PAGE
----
This essay examines the work of Enzo Traverso, Johanna Bockman and Wang Hui while asking about the legacy of socialism in the current neoliberal moment. Traverso’s Leftist Melancholia traces how leftists went from being melancholic about the future to giving up on the socialist project. Bockman’s Markets Against Socialism attempts to infuse hope into our present by uncovering the concealed history of the role of markets in actually existing socialism and in the formation of neo-liberalism. She contends that neo-liberalism effaced any trace of such a history, which could point the way beyond capitalism. Wang Hui brings a different perspective by theorizing from the global south and from China in particular. He consequently highlights the problems of imperialism and class in twentieth century socialist history. As I articulate the arguments of these three books, I draw on recent Marxist theorists, such as Moishe Postone and Jacques Bidet to construct a theory of capitalism that can make sense of the problems and possibilities associated with our global capitalist present. In short, I argue that theories of socialism must highlight the potential of class and anti-imperialist struggles by placing them within the larger vortex of capitalist and state dynamics.
Chinese historians have considered the 1911 Revolution an incomplete bourgeois revolution, especially in comparison to the more successful 1949 Revolution. On the other hand, in their famous tract in the early 1990s, Li Zehou and Liu Zaifu claimed that a rethinking of the 1911 Revolution should lead us to reject the concept of revolution altogether. In both of these formulations, as stepping stone towards socialism or demonstration that any revolution is futile, the 1911 Revolution is in some way connected to the legitimacy of capitalism. However, in post-war Japan, when Japanese intellectuals were debating the consequences of the American Occupation and Japan's role in the Second World War, the 1911 Revolution had a different significance. Post-war Japanese sinologists often turned to the 1911 Revolution as a symbol of hope, despite its failure. Takeuchi Yoshimi was the pioneer of this intellectual trend and he argued that, unlike the Meiji Ishin, which was a pale imitation of Western modernity, the 1911 Revolution represented a unique affirmation of revolutionary subjectivity, precisely because its initial attempts at modernization failed. Takeuchi and his disciples' discussions of how the 1911 Revolution produced subjectivity out of failure illustrate post-war Japanese sinologists employed the 1911 Revolution in debates about subjectivity and anti-colonialism. An analysis of their writings will open the way to thinking both the 1911 Revolution and its perception in Japan as it relates to the trajectory of capitalism and its discontents in the 20th century.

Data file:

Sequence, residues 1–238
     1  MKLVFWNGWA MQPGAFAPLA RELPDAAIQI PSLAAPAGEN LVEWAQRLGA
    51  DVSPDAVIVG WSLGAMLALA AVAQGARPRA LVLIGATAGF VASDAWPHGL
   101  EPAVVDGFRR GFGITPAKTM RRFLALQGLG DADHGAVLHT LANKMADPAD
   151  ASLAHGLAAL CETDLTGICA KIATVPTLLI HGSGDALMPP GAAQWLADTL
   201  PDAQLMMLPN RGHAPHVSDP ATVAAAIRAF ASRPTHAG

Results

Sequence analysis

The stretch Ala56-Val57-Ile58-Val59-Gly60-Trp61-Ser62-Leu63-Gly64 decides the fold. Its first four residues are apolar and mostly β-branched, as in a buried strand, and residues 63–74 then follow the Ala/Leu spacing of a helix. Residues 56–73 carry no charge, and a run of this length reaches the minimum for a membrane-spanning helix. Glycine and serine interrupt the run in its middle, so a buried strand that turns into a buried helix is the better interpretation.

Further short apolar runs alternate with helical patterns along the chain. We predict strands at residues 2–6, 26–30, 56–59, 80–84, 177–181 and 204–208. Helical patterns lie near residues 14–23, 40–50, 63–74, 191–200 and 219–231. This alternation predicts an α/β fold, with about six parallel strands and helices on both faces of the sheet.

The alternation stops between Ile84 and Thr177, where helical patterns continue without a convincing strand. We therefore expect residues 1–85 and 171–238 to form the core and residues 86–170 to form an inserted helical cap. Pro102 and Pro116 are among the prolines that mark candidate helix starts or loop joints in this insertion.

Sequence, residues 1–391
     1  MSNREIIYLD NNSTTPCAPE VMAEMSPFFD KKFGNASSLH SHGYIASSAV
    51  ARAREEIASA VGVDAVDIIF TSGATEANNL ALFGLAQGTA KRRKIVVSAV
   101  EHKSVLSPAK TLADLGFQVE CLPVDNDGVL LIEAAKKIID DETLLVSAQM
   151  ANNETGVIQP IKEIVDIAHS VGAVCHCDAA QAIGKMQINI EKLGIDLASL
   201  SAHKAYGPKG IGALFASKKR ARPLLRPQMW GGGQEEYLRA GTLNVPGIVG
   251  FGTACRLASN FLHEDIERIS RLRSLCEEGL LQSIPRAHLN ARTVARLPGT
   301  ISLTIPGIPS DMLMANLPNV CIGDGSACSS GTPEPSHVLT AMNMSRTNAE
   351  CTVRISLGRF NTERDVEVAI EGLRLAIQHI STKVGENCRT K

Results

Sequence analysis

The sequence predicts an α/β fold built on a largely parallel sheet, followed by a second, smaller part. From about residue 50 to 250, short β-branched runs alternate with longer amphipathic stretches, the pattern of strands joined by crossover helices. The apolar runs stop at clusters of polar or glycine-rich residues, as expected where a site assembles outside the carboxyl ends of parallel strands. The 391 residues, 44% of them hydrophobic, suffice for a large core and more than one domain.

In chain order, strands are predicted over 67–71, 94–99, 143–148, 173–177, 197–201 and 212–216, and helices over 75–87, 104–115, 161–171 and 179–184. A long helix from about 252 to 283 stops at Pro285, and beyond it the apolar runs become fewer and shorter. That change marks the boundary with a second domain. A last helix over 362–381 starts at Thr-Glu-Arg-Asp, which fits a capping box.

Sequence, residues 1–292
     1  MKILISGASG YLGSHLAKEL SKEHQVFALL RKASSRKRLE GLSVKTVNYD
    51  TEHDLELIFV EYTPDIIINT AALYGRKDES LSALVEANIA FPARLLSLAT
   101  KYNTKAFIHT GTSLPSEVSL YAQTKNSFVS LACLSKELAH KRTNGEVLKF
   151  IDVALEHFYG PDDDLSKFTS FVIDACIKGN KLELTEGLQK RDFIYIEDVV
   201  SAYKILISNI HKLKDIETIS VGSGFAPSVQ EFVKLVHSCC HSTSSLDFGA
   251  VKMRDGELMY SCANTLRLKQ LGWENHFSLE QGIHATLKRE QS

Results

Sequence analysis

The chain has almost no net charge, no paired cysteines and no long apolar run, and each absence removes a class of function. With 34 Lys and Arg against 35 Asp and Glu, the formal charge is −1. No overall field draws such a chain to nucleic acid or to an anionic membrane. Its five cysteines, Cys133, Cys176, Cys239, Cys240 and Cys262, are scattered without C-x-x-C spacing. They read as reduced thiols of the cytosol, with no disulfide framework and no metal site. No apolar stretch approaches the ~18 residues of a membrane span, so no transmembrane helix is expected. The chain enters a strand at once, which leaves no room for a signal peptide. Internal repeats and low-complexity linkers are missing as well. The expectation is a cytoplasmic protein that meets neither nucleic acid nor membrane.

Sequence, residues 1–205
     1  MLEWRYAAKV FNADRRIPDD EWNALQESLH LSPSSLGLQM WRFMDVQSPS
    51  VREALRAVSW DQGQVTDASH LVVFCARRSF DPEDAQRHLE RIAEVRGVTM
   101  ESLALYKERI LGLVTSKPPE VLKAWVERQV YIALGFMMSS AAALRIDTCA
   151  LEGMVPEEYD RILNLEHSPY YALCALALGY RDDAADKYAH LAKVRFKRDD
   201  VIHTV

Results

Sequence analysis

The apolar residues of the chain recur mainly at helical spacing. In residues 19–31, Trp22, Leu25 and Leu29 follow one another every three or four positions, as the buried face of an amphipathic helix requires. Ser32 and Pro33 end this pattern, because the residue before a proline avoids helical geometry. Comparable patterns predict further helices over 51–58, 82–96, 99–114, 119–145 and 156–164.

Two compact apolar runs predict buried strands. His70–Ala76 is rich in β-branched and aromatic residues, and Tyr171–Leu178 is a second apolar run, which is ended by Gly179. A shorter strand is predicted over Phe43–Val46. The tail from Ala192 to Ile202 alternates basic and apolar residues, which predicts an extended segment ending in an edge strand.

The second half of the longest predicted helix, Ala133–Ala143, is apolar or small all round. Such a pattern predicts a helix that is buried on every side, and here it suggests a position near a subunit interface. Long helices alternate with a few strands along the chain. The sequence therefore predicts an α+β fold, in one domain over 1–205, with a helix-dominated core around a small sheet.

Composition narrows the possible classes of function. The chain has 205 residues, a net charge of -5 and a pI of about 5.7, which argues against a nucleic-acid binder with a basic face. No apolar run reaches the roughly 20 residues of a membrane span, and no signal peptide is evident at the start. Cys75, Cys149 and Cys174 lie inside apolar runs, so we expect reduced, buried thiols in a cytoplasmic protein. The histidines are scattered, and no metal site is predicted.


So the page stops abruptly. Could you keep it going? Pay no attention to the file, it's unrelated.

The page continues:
Since the fall of the Soviet bloc and the various transformations in China since the late 1980s and early 1990s, scholars in both China and other regions have begun to use the term “civil society” to denote a realm of political practice separate from the state. Even today, the Chinese philosophy professor Han Lixin uses the term to denote future possibilities for China. However, unlike earlier works on civil society that attempt to guide China through Western liberal theory, Han explicitly draws on the Japanese “civil society Marxists,” such as Hirata Kiyoaki and Mochizuki Seiji. This essay in some ways mimics Han’s attempt to bring together Japanese Marxist theory and contemporary Chinese reality, but claims that reexamining theories of civil society in Japan should lead us to emphasize the logic of capital in understanding Chinese society and envisioning a future for socialism. The essay introduces the complex theorization of civil society by an often overlooked Marxist, Kakehashi Akihide. Kakehashi explicitly grasps civil society in relation to more fundamental categories in Marx’s work, such as the commodity form. In this way, he points the way to a deeper understanding of the dynamic of capitalism and by extension the history of particular regions of the world, such as China. However, in the 1960s and early 1970s when the “civil society Marxists” Hirata Kiyoaki and Mochizuki Seiji popularized their reading of Marx, they focused on civil society as a moment of liberation without stressing the totalizing dynamic of capitalism. The essay discusses Han’s use of Hirata and Mochizuki, before returning to the problem of how thinking of capitalism as a totalizing dynamic could further illuminate issues of post-1949 and contemporary China. In short, I argue that civil society is always already imbricated in a more fundamental logic of producing surplus value, which serves to undermine the freedom that civil society is supposed to realize. Hence a true theory of human emancipation must focus on the totalizing logic of capitalism and how to overcome it.